EZ + simva combination therapy at the usual recommended starting dose of 10/20 mg, and at the next higher dose of 10/40 mg vs the recommended usual starting dose and next highest dose of atorvastatin (10, 20, and 40 mg, respectively), was consistently superior to statin monotherapy in reducing LDL-C levels and attaining LDL-C levels < 1.8 mmol/L (< 70 mg/dL) in T2DM patients [1921]. The results of the current trial confirm previous findings in patients with T2DM and extend them to include a population of patients treated in outpatient diabetes clinics.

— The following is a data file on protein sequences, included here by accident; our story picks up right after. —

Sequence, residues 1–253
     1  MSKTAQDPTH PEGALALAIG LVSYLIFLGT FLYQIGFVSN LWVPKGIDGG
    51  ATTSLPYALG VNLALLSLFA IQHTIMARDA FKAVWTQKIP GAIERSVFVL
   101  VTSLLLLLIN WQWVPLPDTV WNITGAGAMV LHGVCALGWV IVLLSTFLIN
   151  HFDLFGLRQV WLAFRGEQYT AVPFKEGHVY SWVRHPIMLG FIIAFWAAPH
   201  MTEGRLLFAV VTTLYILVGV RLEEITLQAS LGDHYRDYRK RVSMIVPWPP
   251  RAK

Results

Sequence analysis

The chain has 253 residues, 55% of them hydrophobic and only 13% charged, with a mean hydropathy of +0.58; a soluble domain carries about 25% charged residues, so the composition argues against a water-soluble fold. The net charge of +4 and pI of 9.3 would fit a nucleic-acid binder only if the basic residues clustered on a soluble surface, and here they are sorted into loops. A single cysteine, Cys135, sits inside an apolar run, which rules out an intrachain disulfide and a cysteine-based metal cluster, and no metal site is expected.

Recent investigations on the changes in the cholesterol homeostasis in patients with CHD and/or diabetes seem to support the concept that a complementary approach targeting both the synthesis and the intestinal absorption of cholesterol can improve the lipid profile of patients who show a poor response to statin monotherapy better than high dose/high potency statin monotherapy [2830]. It has been suggested that reducing cholesterol absorption using ezetimibe treatment combined with a statin, which lowers hepatic cholesterol synthesis, may be a practical approach to intensive lipid management and goal achievement compared with treatments that reduce synthesis alone [2830]. This may be of particular relevance in T2DM patients, who have been shown to have higher levels of NPC1L1 mRNA and increased intestinal absorption of biliary and newly synthesized cholesterol. One mechanism by which NPC1L1 may be increased in T2DM patients is through elevated glucose concentrations [31]. Cultured Caco-2/15 cells exposed to high glucose levels displayed a significant increase in protein expression of NPC1L1, and when ezetimibe was added to the culture medium, the action of the glucose was reduced [31]. In addition to differences in NPC1L1 protein expression, a disturbance in the ATP binding cassette (ABC) proteins G5 and G8, which regulate cholesterol homeostasis, may play a role in the dyslipidemia of diabetic patients. Specifically, compared with non-diabetics, diabetic patients have decreased mRNA expression of both ABCG5 and G8, leading to increased levels of sitosterol and cholesterol in chylomicrons [32]. Taken together, these results suggest that both increased NPC1L1 and lower ABCG5 and G8 may lead to an increase in cholesterol absorption in diabetic patients, and targeting both the synthesis and the intestinal absorption of cholesterol in the treatment of diabetic dyslipidemia may be prudent. This view is further supported by the findings obtained in high cardiovascular risk patients, which demonstrated between-group LDL-C reductions in favor of EZ + simva vs rosuvastatin 10 mg in patients who were not at LDL-C target prior to switch and suggested that there was a high proportion of poor responders to statin therapy in this group [29]. Additional clinical trials to assess cardiovascular outcomes with ezetimibe added to statin therapy are ongoing.